Wed, Jan 22, 2014 - Page 5 News List

‘Dolly eye’ contacts should be worn less than six hours: doctor

Staff writer, with CNA

An eye doctor has advised “dolly-eye” contact lens (娃娃鏡片) wearers to limit their use to just six hours and to remove them as soon as discomfort occurs.

The popular cosmetic contact lens makes the wearer’s irises appear larger, but are made of silicone hydrogel, which means the lens does not absorb oxygen well.

A survey carried out in August and September last year found the lenses are favored by 40 percent of contact lens users, mostly women aged between 25 and 45.

The poll also found that 70 percent of those surveyed said they experienced discomfort while wearing lenses, yet nearly 50 percent said they wear them for more than nine hours a day.

Lu Da-wen (呂大文), director of Tri-Service General Hospital’s Department of Ophthalmology, warned that wearing contact lenses for long periods would result in eye dryness, burning and redness due to a lack of oxygen.

Colored contact lenses, which are made by adding pigments to the lens, have an even lower oxygen permeability.

Lu said contact lenses are made of either hydrogels or silicone hydrogels. Most of the lenses on the market are of the hydrogel variety, with their oxygen breathing levels limited to between 20 and 40Dk/t (the industry standard measurement for diffusion and solubility over thickness), whereas those made of silicone hydrogels have oxygen transmissibility of more than 80Dk/t.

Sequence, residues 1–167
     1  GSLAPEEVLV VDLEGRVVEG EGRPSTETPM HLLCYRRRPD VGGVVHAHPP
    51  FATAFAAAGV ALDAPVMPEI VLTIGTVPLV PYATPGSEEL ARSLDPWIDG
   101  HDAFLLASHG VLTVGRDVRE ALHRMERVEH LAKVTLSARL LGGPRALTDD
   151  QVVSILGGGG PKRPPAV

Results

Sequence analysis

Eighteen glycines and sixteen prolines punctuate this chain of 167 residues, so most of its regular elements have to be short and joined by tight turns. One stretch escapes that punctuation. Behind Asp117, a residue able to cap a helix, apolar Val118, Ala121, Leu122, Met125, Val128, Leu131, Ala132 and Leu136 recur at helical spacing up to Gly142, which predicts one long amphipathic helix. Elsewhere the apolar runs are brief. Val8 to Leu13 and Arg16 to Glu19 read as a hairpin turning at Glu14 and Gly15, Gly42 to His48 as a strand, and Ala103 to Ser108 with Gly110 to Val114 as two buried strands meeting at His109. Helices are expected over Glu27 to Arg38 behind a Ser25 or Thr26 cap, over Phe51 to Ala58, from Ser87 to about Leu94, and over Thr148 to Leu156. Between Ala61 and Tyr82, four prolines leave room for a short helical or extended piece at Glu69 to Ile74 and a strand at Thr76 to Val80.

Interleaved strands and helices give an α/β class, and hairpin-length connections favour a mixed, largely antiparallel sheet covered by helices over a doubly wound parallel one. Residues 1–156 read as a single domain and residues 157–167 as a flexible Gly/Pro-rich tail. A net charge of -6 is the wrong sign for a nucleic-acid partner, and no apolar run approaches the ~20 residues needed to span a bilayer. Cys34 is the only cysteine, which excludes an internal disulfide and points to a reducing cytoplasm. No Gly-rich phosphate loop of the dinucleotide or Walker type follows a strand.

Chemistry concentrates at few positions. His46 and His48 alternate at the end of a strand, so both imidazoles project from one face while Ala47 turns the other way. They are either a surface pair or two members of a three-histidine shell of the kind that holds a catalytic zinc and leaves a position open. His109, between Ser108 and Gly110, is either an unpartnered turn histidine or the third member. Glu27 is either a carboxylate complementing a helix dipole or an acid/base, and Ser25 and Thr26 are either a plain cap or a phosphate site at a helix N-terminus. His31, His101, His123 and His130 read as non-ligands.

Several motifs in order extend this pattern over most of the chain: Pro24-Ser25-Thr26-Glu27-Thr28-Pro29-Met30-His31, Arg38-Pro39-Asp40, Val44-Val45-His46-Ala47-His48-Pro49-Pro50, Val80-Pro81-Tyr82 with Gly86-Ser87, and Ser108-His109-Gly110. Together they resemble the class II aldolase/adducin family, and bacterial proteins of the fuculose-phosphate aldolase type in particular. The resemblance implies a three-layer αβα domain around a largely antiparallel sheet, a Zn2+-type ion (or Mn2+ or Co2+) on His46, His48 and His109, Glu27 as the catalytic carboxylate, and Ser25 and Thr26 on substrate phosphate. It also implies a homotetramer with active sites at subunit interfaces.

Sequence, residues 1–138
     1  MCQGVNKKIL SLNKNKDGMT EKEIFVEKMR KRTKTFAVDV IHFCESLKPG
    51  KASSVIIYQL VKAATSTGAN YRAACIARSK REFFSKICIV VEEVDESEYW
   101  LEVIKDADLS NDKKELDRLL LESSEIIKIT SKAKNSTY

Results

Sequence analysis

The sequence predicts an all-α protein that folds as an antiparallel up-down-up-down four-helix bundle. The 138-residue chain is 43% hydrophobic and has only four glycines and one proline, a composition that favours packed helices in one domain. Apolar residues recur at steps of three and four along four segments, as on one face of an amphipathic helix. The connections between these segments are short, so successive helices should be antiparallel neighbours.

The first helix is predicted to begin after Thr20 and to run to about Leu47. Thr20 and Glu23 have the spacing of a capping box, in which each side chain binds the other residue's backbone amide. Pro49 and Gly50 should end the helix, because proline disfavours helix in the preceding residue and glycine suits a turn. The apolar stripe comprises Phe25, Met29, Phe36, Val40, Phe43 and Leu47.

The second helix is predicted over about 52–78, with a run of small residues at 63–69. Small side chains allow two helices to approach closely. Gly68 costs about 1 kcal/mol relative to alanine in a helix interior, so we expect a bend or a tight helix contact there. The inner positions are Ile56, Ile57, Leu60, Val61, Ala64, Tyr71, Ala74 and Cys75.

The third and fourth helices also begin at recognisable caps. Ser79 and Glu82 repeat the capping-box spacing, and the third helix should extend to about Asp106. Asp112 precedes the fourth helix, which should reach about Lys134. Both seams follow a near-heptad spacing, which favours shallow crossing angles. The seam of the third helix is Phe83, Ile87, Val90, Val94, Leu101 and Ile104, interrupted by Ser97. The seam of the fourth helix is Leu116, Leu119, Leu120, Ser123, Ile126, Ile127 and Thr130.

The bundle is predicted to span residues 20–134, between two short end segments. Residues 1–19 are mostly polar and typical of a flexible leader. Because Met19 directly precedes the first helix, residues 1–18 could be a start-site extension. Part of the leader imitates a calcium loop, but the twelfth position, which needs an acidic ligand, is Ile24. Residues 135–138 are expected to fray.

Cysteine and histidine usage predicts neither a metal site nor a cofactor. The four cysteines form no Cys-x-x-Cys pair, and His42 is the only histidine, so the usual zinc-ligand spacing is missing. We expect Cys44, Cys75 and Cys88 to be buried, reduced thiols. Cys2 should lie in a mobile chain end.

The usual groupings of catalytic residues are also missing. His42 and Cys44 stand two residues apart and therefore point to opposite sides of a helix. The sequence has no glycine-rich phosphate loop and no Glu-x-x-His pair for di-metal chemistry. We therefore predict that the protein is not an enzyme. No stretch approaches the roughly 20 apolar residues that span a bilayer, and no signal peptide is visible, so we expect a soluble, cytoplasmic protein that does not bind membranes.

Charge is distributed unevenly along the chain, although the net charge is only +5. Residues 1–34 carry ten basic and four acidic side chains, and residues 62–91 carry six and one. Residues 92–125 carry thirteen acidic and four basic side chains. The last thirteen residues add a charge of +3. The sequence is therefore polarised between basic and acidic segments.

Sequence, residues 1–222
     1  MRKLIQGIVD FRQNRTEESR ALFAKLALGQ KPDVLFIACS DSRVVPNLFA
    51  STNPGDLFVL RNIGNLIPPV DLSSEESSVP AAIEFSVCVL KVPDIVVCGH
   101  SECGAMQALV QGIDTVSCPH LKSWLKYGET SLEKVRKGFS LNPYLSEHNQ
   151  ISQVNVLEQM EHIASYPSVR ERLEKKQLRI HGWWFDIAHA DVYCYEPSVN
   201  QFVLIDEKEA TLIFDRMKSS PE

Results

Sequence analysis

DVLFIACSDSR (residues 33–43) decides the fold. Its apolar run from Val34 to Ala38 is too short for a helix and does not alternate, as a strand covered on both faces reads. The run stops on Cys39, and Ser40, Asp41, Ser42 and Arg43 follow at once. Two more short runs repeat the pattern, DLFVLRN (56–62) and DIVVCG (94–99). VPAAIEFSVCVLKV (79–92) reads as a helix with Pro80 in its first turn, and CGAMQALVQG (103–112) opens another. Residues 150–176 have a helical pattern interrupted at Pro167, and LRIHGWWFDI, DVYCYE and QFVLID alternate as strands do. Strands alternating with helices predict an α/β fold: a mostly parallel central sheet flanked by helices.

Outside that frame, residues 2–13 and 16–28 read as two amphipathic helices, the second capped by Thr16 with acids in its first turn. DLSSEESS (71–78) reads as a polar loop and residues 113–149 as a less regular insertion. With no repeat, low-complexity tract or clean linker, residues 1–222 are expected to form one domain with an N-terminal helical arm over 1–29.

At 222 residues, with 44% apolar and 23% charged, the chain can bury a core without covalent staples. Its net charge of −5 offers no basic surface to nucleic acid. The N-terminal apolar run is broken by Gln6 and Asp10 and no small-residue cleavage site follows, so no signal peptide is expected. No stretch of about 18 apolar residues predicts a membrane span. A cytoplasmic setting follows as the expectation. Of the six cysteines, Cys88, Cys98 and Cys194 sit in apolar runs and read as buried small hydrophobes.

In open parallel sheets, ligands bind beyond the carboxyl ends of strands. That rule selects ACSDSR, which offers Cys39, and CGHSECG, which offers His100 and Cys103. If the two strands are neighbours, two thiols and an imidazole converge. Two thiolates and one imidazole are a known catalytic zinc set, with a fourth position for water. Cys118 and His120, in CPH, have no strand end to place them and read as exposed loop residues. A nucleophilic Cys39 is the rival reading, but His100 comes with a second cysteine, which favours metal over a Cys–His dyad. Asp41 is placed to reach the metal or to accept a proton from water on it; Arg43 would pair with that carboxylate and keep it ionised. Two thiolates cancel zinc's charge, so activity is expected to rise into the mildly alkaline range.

Because hydrogel contact lenses are softer than silicone-hydrogel lenses, consumers might think they are more comfortable to wear, Lu said, but their oxygen limitation can also damage the cornea, which can lead to blurred vision.

Serious corneal oxygen deficiency can cause corneal swelling or even corneal erosion, he said.

Lu urged contact lens users to have an understanding of contact lenses before purchasing them.

He added that wearers should to limit their daily use to eight hours (or to six hours for cosmetic contact lens), to remove them as soon as discomfort occurs and visit an ophthalmologist.

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